Towards a better system of irrigation in agriculture
The ecological and societal problems with irrigation is enormous. The ecological system may now receive more attention. In the Murray-Darling basin in Australia, the States agreed to let 25% of the rivers' natural flow to go to maintain the system's ecological health. No increased withdrawals would be made for irrigation. 10% of the water outlet in Central Park Valley project in California is allocate to conserve fish and wildlife habitats (Postel, 2000).

In order to reduce water loss, more efficient technologies can be used. Drip irrigation consists of a network of perforated plastic tubing that is placed at or below ground level which allows the water to go where it should-to the plants roots. Water efficiency is as much as 95% compared with 50-70% of ditches or flooding, and yields can increase by 20-90% (Postel, 2000).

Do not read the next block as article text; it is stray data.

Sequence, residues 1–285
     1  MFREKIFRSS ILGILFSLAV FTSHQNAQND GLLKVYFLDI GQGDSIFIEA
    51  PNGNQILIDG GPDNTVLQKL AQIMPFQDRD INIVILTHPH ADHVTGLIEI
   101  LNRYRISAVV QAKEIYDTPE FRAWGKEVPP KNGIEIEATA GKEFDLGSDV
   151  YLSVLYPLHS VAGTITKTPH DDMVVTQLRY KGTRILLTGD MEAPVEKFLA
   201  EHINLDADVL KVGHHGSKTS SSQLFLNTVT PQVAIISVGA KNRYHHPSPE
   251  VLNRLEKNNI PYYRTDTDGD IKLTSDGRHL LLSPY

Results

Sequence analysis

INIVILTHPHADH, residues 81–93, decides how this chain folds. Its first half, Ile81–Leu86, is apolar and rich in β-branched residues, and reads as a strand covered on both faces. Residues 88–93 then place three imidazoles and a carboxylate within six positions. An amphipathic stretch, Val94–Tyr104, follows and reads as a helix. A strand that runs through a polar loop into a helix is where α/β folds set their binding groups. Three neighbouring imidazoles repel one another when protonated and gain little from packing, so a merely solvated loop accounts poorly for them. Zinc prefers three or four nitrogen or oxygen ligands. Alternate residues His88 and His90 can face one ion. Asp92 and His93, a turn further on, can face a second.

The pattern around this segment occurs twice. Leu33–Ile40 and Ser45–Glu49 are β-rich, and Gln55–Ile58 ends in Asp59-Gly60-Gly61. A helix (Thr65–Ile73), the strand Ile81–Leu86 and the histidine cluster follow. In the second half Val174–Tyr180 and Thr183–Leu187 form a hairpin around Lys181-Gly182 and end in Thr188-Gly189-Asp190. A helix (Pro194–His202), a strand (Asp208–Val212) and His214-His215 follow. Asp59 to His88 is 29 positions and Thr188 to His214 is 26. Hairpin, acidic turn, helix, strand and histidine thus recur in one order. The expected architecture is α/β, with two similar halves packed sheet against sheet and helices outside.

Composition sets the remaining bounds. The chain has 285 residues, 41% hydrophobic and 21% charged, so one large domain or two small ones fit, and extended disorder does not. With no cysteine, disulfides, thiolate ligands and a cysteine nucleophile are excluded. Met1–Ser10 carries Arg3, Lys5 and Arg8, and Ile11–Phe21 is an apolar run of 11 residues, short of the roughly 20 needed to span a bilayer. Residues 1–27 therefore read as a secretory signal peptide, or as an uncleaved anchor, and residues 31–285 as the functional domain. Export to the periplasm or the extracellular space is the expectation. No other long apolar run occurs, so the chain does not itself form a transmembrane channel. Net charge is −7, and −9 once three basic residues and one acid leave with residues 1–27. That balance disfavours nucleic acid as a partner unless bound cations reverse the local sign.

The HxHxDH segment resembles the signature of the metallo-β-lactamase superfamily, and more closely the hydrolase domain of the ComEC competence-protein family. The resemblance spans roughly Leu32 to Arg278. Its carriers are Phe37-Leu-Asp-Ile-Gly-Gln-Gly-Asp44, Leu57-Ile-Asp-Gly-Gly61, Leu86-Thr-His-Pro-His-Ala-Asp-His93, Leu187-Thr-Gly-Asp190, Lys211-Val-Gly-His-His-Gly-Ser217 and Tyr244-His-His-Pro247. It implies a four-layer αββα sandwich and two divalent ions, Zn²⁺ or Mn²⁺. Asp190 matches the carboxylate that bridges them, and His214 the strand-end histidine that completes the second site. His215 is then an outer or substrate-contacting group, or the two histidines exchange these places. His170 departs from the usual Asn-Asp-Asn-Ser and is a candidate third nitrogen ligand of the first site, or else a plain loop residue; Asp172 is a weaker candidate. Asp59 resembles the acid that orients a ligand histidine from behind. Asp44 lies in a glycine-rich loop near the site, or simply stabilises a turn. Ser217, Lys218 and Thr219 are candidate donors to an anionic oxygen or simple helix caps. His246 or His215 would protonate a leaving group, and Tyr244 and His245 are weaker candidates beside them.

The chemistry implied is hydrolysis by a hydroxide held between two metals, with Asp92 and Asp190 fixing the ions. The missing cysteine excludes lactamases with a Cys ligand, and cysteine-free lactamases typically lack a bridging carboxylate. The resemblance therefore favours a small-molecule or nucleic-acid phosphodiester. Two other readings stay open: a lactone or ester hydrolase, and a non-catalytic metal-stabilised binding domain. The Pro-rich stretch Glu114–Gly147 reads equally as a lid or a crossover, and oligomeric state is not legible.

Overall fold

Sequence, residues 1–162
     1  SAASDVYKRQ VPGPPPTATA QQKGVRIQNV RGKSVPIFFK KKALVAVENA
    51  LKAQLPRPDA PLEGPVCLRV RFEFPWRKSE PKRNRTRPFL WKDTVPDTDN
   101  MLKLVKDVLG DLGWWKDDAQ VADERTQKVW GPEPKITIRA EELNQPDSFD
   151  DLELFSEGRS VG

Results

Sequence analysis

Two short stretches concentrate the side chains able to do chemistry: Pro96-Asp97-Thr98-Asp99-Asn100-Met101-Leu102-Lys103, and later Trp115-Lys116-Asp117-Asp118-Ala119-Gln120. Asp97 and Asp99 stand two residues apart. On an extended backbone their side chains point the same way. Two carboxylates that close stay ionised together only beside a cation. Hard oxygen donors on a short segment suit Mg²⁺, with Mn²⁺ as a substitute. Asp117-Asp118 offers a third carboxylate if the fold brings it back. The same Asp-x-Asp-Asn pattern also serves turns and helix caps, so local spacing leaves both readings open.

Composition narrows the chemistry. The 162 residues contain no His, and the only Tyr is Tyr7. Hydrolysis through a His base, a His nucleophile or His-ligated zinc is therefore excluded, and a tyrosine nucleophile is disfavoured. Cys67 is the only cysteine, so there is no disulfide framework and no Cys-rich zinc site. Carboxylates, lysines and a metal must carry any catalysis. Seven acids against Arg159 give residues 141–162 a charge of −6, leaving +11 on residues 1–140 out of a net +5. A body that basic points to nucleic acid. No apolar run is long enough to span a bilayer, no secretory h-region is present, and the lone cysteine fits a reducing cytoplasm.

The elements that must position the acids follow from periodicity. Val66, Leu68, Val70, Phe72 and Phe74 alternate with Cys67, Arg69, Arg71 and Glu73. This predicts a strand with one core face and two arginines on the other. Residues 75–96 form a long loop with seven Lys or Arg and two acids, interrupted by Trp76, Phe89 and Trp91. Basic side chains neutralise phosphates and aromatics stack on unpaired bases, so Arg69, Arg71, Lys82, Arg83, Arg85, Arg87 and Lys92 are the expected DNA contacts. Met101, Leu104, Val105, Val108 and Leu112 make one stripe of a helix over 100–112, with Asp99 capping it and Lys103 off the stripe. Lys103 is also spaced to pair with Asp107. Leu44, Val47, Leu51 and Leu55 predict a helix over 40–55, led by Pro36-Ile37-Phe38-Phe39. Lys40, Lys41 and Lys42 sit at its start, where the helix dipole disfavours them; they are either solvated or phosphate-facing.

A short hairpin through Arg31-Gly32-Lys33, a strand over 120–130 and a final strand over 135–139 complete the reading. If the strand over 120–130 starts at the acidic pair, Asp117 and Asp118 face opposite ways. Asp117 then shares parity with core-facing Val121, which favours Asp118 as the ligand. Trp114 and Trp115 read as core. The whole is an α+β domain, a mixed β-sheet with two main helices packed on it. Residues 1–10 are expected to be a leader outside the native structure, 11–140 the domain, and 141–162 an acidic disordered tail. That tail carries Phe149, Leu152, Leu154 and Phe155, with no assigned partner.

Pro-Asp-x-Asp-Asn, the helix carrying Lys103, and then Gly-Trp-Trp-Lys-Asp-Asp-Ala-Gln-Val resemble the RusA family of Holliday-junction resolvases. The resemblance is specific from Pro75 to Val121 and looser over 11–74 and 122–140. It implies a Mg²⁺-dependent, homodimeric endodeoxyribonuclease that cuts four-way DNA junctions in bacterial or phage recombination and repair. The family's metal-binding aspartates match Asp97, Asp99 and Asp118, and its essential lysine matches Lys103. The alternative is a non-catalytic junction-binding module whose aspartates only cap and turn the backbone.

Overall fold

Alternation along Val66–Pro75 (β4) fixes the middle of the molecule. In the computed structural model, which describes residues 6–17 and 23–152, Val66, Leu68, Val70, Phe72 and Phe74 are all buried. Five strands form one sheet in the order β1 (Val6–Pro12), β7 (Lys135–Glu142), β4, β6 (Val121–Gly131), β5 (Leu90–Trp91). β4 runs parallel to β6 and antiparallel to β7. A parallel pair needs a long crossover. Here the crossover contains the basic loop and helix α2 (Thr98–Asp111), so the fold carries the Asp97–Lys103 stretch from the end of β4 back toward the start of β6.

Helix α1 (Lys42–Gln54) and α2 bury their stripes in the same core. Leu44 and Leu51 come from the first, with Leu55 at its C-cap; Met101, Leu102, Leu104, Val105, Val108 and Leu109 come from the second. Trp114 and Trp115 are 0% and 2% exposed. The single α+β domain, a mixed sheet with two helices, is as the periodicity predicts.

Department of Water Resources in California operated a network of more than one hundred automatic weather stations in key agricultural areas, each station calculates how much water will evaporate. You can then adjust irrigation accordingly.

By moving the responsibility of irrigation systems from the central government to local peasant cooperatives or other private organizations, the hope is to cut subsidies and transfer the responsibility to improve irrigation performance, when those who use the water hopefully will be using systems that are then sustainable in the long run (Postel, 2000).